January 14th: PAYE/Pay Related Social Insurance (PRSI)/Universal Social Charge (USC)/ Local Property Tax (LPT): Monthly return and payment for November 2019. Dividend Withholding Tax (DWT): Return and payment of DWT for November 2019. Professional Services Withholding Tax (PSWT): F30 monthly return and payment for November 2019. January 1st: Local Property Tax (LPT): Commencement of phased payments. January 11th: LPT: Deadline for paying in full, in one single payment or confirming that payment will be made in full by Single Debit Authority. January 14th: PAYE/Pay Related Social Insurance (PRSI)/Universal Social Charge (USC)/ Local Property Tax (LPT): P30 monthly return and payment for December 2019. P30 quarterly return and payment for October – December 2019. Dividend Withholding Tax (DWT): Return and payment of DWT for December 2019. Professional Services Withholding Tax (PSWT): F30 monthly return and payment for December 2018. January 15th: LPT: Commencement of monthly direct debit payments. January 19th: Value-Added Tax (VAT):  VAT: Bi-Monthly VAT 3 return and payment (if due) for period November – December 2019 together with the Return of Trading Details where the accounting period ends between 1 November and 31 December. VAT: Bi-Annual VAT 3 return and payment (if due) for period July – December 2019 together with the Return of Trading Details where the accounting period ends between 1 July and 31 December. VAT: 4 Monthly VAT 3 return and payment (if due) for period September – December 2019 together with the Return of Trading Details where the accounting period ends between 1 September and 31 December. VAT: Annual VAT 3 return and payment (if due) for the period January – December together with a Return of Trading Details where the accounting period ends in December. January 20th: VAT: MOSS VAT return and payment (if due) for the period of October – December 2019. January 1st – 23rd: Corporation Tax: PT for APs ending between 1-28 February 2019. Corporation Tax: Returns for APs ending between 1-30 April 2019. Corporation Tax: Pay Balance due on APs ending between 1-30 April 2019. January 23rd: Relevant Contracts Tax (RCT): RCT monthly return and payment for December 2019. RCT: RCT quarterly return and payment (if due) for period October – December 2019. January 1st – 31st: Corporation Tax: Returns of Third Party Information for APs ending between 1-30 April 2019. January 31st: Capital Gains Tax: Payment due on gains arising between 1 December 2019 to 31 December 2019 inclusive. Where the return and payments are not received electronically, the return and payments filing date are 1-21 of the relevant months. All information on dates is sourced directly from Revenue Ireland’s and HRMC’s websites and published by Intelligo for informative purposes only. For more details or with any queries on these dates, please contact these bodies directly.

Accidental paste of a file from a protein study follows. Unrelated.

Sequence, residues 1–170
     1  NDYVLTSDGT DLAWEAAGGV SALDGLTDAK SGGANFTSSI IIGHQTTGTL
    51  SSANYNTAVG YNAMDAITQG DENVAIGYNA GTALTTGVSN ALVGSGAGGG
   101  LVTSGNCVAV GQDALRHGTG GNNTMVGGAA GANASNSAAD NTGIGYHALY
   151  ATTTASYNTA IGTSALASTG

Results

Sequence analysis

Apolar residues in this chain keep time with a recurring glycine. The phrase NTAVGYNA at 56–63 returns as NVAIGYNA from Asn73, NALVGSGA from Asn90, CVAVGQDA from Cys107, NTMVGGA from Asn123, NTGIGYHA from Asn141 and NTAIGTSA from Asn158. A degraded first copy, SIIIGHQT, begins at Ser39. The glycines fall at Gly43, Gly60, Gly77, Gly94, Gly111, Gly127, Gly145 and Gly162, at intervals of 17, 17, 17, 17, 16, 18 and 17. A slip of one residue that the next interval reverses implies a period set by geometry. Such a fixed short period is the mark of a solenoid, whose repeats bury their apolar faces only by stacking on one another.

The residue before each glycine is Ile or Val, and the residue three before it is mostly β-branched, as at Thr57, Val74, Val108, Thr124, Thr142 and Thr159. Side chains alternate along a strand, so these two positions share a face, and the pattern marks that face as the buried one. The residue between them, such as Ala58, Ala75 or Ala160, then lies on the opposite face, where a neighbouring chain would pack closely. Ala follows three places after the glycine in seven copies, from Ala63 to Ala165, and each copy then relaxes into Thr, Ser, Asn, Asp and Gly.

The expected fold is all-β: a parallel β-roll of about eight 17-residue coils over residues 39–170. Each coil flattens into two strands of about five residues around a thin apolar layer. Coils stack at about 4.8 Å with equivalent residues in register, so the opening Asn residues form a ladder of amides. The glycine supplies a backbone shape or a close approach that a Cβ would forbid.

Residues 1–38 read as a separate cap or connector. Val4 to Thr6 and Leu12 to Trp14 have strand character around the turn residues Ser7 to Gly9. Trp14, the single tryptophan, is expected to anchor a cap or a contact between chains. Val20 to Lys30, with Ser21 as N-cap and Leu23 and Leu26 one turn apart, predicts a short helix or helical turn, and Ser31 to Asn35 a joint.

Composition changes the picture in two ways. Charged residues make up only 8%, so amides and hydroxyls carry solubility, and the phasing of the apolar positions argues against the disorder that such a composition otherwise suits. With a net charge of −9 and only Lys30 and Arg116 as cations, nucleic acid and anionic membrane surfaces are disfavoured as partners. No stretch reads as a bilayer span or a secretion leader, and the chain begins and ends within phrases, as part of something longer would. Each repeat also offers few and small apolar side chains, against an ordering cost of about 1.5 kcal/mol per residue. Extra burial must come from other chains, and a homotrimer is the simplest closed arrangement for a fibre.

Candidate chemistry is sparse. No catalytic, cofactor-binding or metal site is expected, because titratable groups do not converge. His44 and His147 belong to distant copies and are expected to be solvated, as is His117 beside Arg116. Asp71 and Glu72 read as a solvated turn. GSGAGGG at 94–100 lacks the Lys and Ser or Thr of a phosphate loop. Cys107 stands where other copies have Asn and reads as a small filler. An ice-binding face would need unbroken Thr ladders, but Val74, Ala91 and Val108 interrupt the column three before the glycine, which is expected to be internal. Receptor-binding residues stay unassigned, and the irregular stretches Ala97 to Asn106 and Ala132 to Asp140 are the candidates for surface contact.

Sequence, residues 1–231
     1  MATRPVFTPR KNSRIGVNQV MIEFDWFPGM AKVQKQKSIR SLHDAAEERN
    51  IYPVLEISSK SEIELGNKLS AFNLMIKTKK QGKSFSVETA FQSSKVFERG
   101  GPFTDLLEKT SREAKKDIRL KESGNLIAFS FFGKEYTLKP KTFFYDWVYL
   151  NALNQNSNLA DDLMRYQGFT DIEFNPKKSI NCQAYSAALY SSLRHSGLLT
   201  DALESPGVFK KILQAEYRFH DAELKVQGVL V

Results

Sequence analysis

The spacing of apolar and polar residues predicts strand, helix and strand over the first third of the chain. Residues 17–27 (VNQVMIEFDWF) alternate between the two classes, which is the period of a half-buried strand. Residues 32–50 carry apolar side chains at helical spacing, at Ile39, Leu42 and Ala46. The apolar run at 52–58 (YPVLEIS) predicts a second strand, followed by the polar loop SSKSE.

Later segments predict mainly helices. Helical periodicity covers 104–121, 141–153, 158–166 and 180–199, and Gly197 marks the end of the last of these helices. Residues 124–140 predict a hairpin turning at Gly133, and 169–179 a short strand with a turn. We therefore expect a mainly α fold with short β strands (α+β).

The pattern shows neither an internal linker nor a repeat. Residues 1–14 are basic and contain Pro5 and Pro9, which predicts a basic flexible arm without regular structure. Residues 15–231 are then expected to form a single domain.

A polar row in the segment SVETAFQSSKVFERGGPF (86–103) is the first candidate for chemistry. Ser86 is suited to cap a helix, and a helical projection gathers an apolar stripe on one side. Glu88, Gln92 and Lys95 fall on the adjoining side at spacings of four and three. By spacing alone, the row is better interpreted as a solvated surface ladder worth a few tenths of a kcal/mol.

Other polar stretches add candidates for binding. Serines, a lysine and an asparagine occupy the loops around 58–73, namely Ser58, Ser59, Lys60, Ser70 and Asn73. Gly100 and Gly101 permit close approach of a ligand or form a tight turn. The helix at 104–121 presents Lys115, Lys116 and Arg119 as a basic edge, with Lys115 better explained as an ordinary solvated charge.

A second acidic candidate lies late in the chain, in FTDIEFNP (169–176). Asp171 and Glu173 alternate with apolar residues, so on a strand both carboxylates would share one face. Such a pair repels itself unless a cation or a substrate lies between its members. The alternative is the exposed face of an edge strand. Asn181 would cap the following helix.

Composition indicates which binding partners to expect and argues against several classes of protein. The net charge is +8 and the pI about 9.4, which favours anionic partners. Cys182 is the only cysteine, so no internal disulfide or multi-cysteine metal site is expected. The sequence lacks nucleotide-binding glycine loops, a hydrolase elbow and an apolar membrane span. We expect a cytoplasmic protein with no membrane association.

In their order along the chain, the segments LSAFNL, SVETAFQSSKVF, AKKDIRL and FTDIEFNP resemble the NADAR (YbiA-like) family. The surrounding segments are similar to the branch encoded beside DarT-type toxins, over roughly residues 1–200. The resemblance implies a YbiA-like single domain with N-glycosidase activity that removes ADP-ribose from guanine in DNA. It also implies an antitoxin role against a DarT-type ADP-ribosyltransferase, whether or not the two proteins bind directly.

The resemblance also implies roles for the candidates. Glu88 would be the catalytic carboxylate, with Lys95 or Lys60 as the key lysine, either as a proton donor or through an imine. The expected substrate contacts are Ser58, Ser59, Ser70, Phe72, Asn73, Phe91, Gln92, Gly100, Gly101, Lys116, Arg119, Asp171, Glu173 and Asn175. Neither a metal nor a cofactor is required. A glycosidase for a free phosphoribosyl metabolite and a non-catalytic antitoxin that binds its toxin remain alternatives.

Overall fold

As we look forward to a New Year, it is natural to evaluate what you have achieved in the past year and to look for ways to improve. After all, January is a time for new lifestyles, trips to the gym, and such. It’s also a great time to get ahead and set yourself up for the year to come. Many people will do this by deciding on goals or New Year’s ‘resolutions’ for the year to come. This practice is standard in a person’s life, so why not apply the same principals in the professional payroll life? To help you on your way, Intelligo has put together four New Year’s resolutions for your payroll department in 2020.